I have survived the first day of school.
I wish I could post some humorous anecdote about how a freshman did something strange or stupid, or a cynical one about how I’ve already identified who’ll be my “resident jackass” for the term, but I can’t. For a first day, it was surprisingly quiet and orderly, the only disruptions being the students who could not find their assigned classrooms – a by-product of a room numbering system that few understand, probably even as they were creating it.
I could not sleep the night before, a combination of nerves, anxiety, and my rather sudden decision to stop taking Tylenol PM. As a result, despite my best efforts of hitting the sack early – for me – at 10 pm, my travels through Slumberland came to an end by 1 am. Try as I might, I could not go back to sleep, and by 3:30 am, I’d decided that I might as well get out of bed. I checked e-mails, looked for any last-minute school-related news, and roamed the Internet, still drowsy, but not enough to put me out.
Traditionally, I leave for work much earlier than necessary. I don’t have to be on campus until 9:45 am, but typically, I leave home at about 7 am. This gives me a lot of wiggle-room on the off-chance that there’s a problem on the Interstate, and it allows me to take care of any class prep without rushing around like a maniac. Photocopies and class handouts, for example, which could have easily been completed weeks earlier, are almost always run the morning of their distribution, and I’ve grown tired of fighting with colleagues over who’s going to be the first to use the only functioning copier on our floor. It’s just easier to go in a little earlier than necessary and get things done before the craziness starts. More importantly, though, the extra time allows me time to be alone with my thoughts.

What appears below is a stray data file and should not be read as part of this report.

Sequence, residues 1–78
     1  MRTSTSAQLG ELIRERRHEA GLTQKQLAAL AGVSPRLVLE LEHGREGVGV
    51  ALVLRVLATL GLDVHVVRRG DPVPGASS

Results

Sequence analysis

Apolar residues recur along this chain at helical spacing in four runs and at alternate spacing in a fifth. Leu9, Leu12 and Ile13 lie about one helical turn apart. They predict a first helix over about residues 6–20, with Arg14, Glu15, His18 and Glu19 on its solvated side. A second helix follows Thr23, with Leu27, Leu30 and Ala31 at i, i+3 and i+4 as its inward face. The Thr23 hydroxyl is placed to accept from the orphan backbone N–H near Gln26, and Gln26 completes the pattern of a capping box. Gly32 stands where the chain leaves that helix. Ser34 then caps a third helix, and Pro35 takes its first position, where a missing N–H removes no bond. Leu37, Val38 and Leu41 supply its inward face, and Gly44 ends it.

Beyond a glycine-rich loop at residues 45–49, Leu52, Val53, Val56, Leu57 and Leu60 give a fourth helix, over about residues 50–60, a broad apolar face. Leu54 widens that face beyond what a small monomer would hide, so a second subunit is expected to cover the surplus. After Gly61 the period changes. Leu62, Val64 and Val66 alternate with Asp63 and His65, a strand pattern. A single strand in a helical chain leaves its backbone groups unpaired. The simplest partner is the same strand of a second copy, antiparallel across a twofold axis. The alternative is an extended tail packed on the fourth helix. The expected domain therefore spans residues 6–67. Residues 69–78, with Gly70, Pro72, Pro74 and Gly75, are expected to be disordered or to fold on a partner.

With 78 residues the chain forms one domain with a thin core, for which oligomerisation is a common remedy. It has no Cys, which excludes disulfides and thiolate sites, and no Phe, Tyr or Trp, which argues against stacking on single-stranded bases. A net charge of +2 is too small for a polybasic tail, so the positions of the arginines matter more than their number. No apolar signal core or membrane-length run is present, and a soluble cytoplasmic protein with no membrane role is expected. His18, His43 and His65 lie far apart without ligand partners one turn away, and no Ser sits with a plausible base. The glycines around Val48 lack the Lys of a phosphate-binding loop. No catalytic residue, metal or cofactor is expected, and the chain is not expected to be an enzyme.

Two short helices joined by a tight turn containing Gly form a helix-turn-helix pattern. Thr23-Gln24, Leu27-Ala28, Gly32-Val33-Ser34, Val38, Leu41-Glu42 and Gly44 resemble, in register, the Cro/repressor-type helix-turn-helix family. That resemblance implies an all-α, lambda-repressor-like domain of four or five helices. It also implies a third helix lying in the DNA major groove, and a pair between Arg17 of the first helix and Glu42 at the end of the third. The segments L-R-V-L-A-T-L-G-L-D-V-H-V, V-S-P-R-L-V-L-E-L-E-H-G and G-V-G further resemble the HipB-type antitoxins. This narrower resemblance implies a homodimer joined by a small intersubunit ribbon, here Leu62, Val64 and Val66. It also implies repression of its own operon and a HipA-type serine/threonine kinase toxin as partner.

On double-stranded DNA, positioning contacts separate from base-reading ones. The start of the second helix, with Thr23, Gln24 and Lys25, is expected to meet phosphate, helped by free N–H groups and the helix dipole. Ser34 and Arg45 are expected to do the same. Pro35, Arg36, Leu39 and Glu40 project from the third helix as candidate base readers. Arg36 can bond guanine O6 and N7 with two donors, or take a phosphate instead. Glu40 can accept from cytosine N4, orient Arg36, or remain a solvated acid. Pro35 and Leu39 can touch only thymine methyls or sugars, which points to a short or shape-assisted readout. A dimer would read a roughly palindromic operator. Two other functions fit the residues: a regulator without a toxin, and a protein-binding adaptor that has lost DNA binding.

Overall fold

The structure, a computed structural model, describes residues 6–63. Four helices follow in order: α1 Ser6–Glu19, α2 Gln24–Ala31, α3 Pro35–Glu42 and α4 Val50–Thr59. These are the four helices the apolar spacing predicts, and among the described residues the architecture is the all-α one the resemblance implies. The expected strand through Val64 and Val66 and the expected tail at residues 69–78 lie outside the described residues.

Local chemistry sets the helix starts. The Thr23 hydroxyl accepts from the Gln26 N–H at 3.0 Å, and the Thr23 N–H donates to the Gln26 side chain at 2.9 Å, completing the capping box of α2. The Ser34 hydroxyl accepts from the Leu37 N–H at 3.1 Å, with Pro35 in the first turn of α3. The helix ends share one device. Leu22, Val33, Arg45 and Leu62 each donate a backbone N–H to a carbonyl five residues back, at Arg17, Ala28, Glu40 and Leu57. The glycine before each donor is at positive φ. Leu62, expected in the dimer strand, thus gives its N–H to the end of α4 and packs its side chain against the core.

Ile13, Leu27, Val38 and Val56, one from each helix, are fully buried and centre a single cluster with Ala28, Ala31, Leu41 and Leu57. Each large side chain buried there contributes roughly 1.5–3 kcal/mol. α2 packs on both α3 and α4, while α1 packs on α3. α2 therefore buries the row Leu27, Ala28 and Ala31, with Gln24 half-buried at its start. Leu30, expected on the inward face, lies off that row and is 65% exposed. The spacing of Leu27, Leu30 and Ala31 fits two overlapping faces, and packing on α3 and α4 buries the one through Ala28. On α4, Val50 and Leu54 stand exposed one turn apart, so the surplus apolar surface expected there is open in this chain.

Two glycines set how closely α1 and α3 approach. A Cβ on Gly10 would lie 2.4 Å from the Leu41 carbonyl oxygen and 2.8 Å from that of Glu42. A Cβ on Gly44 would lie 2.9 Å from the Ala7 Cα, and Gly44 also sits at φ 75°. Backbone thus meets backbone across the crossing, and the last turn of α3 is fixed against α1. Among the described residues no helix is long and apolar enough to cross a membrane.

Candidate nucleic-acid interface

My trek into work was uneventful, and I even managed to secure a pretty good parking space for once. I collected my things, locked the car, and took a deep breath as I faced one of the campus buildings.
I should point out that I use a campus parking lot that is pretty far from my office. Not the farthest away – that would be darn-near suicidal – but pretty far; I usually explain that this is a way to force me to walk, thus gaining me my only real exercise for the day. Campus is spread out – I would posit that walking a full circuit would be at least one mile, and goodness knows that I walk two or three of those a day. But the benefit only works if you continue doing the walks, something I’ve not been doing at all. I knew I was going to be in trouble when I finally made it to the door – after leaving my car: Tomorrow, my legs are just gonna love me.
Most of my first-day prep was done a week ago, meaning that all I really had to do was to print out my class rosters and collect my accumulated mail. Two new books awaited me, one I’d forgotten I’d ordered, and one that a publisher sent as a gift. Book catalogues were also in the pile, as were invitations to summer campus functions, fundraisers, and a note about a colleague’s retirement send off that occurred a couple of months ago. I secured new dry erase markers for the white board. Facilities will bring new markers for each room for the first day, but many faculty members see them as gifts of the “Have none/Take one” variety, and a classroom that’s filled with new markers on the first day is like a mortally wounded antelope that’s wandered into Vulture City. It’s best to just get your own set – the nice ones in the room today will (very) likely not be there tomorrow.